BACKGROUND OF THE INVENTION Conventional wheelchairs normally include left and right closed frame structures connected by diagonally extending crossed tubes arranged to scissor together if the chair is of the folding type. Generally, the left and right closed frames include extending back uprights for supporting the chair back and forward upright extending tubes supporting the front the seat, the rear and forward uprights being integrally connected between the horizontal upper and lower arms to form the closed left and right frame structures. Left and right large main wheels are rotatably mounted to the rear portion of the closed frames and left and right forward castor wheels are mounted at the lower front portions of these frames. I v

The foregoing construction works satisfactorily. for wheelchairs when used indoors wherein floor areas are level and the chair itself is propelled at a relatively low speed. On the other hand, these types of chairs do not work satisfactorily outdoors wherein the terrain is often uneven. While some relative motion between the left and right closed frames themselves is permitted through coupling of the crossed diagonal tubes, this flexibility is limited and in the event the wheel-chair is used out of doors and over terrain wherein small gullies or mounds are traversed, one of the four wheels can actually lose contact with the ground. Moreover, riding the wheelchair over uneven terrain of this type is at best uncomfortable and at worst can be dangerous oftentimes resulting in toppling over of the wheelchair.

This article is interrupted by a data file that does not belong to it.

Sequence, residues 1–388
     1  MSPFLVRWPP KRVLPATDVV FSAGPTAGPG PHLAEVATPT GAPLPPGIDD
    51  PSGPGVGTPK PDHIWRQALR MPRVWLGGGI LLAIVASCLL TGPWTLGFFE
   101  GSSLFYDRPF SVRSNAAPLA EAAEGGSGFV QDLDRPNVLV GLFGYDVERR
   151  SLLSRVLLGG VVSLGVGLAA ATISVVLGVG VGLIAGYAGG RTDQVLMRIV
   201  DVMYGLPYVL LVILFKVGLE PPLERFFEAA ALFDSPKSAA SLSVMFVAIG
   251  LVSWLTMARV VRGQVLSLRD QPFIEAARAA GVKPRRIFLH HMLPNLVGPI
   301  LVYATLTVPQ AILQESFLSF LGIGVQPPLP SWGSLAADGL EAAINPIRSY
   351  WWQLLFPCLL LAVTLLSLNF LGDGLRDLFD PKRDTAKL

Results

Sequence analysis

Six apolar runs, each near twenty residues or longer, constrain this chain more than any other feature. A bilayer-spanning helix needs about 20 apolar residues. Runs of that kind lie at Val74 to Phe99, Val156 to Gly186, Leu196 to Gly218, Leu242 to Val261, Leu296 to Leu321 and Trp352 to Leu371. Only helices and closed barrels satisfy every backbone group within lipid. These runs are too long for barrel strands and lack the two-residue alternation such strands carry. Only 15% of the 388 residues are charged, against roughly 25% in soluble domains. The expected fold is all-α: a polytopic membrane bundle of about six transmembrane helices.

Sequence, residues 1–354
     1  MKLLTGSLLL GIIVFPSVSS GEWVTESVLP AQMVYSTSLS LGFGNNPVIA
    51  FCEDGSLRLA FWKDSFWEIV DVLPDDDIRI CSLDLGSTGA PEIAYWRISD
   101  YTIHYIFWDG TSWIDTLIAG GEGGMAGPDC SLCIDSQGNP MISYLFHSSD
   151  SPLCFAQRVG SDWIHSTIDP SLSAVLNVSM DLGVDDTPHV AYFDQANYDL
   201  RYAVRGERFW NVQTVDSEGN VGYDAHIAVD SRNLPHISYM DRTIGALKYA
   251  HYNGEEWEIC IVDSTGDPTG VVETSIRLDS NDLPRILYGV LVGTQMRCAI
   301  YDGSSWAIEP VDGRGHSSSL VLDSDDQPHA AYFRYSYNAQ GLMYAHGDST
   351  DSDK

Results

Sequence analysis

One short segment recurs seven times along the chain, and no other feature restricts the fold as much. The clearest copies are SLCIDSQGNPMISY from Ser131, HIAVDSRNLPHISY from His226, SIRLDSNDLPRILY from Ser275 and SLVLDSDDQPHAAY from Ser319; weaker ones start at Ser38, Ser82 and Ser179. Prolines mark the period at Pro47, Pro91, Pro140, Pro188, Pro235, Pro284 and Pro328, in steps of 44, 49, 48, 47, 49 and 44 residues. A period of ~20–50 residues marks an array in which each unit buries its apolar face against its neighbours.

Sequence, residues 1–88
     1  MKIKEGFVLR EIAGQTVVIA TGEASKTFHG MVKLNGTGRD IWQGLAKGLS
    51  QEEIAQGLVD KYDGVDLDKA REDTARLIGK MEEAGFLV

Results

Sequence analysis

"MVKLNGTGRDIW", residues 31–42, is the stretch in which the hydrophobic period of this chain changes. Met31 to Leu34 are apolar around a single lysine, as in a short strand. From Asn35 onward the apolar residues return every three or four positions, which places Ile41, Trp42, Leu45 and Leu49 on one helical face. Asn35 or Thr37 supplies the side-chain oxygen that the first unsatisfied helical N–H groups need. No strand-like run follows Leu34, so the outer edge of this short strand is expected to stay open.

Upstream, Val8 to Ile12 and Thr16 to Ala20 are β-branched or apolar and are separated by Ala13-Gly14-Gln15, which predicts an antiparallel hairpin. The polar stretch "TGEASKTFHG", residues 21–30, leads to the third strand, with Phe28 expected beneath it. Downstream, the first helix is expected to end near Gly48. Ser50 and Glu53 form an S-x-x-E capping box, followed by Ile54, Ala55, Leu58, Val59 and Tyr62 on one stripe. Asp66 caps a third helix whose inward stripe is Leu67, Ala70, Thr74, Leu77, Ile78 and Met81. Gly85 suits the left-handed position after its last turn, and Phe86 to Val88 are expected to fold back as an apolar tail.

Known types of wheel suspension systemssuch as used in outdoor vehicles could, of course, be incorporated in a wheelchair. However, such suspension systems become expensive and complicated particularly with respect to proper support of the castor wheels themselves.

BRIEF DESCRIPTION OF THE PRESENT INVENTION With the foregoing in mind, the present invention contemplates a novel frame configuration for a wheelchair which provides resilient suspension for the castor wheels of the chair in such a manner that it can be used both indoors and outdoors without the disadvantages presently inherent in known wheelchairs, all without requiring complicated and expensive suspension systems for the wheels.

More particularly, the wheelchair includes left and right generally C-shaped frames in spaced parallel,

side-by-side relationship, the free ends of the upper and lower arms of the C-shaped frames extending forwardly. Left and right main wheels are rotatably mounted to the left and right rear base portions of the C-shaped frames respectively and these rear base portions are held in horizontally spaced relationship by an horizontal transversely extending rear member connecting the base portions together. I

Left and right castor wheels in turn are rotatably mounted at the forward ends of the left and right lower arms of the C-shaped frames respectively and these forwardly towards and downwardly away from the upper arms so that a cushioned ride for a person sittingin the seat results when the wheelchair is used outdoors over uneven terrain.